- Associated Press - Saturday, June 8, 2013

BOSTON — Tuukka Rask knew how potent the Penguins offense was. He also knew he could shut them out.

“Every game starts with zero,” the Bruins poised goalie said, “so you have a chance.”

And two games ended with a zero for Pittsburgh as Boston completed a sweep with a 1-0 win on Friday night that sent it to its second Stanley Cup final, and maybe its second championship, in three years with a 4-0 series victory.

The Bruins will play the winner of the Western Conference finals. The Chicago Blackhawks lead the Los Angeles Kings 3-1 and can wrap it up Saturday night.

Rask’s second shutout of the Eastern Conference finals continued his domination of the highest scoring team in the NHL. The Penguins big offensive threats — Sidney Crosby, Evgeni Malkin, Jarome Iginla and James Neal — didn’t score a single point and Boston outscored Pittsburgh 12-2.

“We knew we had to be at our best to beat this team,” Bruins coach Claude Julien said. “That’s exactly what happened.”

Rask stopped 134 of 136 shots by a team that averaged 4.27 goals a game in its first two playoff series.

“I don’t feel like they totally shut us down,” Crosby said. “I feel like we got chances, but Rask made some big saves.”

The few rebounds Rask allowed throughout the series were quickly cleared away by a defenseman or a forward getting back into the play. On offense and defense, the Bruins always seemed to be in the right spot at the right time. They made precise passes and got their sticks in the way of many passes the Penguins tried.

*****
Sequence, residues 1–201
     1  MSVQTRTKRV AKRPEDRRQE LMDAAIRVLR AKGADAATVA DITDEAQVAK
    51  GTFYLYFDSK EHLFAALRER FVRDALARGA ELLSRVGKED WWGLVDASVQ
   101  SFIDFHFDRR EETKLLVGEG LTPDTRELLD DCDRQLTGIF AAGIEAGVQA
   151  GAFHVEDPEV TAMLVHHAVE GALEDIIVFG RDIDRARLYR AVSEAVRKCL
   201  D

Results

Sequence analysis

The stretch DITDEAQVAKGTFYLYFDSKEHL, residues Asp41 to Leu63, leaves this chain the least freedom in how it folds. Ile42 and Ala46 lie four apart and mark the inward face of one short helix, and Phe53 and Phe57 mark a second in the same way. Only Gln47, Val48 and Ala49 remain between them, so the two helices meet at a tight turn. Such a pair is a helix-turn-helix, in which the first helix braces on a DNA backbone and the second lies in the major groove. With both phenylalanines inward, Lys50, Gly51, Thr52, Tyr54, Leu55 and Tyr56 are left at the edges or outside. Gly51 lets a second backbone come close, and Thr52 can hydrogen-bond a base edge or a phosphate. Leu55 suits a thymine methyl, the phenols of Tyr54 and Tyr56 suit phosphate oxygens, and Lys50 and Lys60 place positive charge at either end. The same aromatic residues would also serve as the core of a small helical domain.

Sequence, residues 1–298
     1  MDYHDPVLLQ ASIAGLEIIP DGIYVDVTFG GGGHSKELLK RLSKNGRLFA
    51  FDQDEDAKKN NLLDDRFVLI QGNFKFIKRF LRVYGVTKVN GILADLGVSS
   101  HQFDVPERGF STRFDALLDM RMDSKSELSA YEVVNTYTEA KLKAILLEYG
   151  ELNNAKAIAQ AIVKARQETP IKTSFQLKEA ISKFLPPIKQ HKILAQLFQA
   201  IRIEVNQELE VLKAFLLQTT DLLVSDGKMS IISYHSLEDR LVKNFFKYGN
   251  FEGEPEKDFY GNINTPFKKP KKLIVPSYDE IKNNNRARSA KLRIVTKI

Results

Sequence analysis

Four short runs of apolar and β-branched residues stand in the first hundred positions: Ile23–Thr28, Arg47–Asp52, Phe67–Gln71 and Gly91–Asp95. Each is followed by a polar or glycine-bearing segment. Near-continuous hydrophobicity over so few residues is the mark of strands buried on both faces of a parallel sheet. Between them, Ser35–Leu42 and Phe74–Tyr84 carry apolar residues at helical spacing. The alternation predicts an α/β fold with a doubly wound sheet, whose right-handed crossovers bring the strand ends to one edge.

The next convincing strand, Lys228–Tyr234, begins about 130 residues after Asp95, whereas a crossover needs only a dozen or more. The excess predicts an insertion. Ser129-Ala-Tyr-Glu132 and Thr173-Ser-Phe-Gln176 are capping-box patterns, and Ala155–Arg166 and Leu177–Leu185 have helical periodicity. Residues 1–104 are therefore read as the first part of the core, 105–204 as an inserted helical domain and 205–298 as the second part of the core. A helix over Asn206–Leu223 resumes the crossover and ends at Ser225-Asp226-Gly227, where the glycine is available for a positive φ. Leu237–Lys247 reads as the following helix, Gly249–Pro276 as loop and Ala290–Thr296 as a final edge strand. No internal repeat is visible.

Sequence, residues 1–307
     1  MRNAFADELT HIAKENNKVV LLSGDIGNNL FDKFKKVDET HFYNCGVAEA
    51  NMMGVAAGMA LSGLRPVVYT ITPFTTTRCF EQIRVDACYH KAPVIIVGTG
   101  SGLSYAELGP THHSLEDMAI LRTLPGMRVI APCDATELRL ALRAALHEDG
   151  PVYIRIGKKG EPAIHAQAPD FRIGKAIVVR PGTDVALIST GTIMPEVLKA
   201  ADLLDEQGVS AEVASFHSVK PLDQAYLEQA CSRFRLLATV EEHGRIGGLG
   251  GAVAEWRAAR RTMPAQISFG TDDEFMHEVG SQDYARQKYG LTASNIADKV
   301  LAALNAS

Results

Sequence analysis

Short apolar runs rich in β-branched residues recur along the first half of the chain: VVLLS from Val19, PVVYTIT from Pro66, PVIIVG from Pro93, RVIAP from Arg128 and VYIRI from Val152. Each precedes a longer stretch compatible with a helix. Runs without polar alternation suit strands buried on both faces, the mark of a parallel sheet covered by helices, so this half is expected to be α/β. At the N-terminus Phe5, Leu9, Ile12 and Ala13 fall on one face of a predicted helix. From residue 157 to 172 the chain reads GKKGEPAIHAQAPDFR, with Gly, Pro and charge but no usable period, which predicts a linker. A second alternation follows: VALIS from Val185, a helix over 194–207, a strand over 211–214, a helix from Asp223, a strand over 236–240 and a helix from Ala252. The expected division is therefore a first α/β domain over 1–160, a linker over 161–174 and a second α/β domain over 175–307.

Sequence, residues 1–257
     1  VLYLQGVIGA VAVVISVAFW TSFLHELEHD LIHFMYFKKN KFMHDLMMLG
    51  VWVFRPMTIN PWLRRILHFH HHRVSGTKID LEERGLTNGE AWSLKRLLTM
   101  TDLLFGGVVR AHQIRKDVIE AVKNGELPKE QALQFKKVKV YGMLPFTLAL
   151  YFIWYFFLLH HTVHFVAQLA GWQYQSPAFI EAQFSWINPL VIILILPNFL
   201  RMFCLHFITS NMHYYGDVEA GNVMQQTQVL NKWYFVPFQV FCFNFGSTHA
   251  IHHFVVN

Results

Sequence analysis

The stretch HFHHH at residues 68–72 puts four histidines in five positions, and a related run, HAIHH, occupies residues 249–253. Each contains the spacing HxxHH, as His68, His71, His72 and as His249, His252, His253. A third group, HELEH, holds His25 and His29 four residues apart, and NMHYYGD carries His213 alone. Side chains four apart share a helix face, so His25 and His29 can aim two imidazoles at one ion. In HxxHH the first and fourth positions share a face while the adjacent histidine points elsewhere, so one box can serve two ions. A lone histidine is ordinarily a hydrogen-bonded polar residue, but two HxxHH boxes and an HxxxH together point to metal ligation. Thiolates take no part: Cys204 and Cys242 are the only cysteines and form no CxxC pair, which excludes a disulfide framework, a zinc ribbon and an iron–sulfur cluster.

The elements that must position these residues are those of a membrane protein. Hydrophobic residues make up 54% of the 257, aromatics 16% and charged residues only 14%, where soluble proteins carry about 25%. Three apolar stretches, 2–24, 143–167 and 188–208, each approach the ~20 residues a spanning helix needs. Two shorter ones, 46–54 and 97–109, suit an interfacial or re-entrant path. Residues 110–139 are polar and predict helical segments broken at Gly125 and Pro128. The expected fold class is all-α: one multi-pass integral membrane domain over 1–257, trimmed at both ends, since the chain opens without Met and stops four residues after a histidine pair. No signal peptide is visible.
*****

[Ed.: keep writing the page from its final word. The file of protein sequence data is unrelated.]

In the clincher, all the Bruins needed was one goal and defenseman Adam McQuaid provided it with a 45-foot slap shot from the right that went over goalie Tomas Vokoun’s right arm at 5:01 of the third period.

Of Boston’s 50 playoff goals, 15 have been scored by defensemen.

“I think first and foremost, we’re obviously trying to be solid defensively,” said McQuaid, who had one goal in 32 regular-season games but two in the playoffs. “It obviously feels good. It feels good to be able to contribute that way when you don’t normally.”

Rask provided the final flourish when he gloved Iginla’s hard 40-foot shot as the final buzzer sounded.

Iginla had turned down a trade from Calgary to Boston before being dealt to Pittsburgh because he thought the Penguins had a better chance to win the Cup, but that turned out to be wrong.

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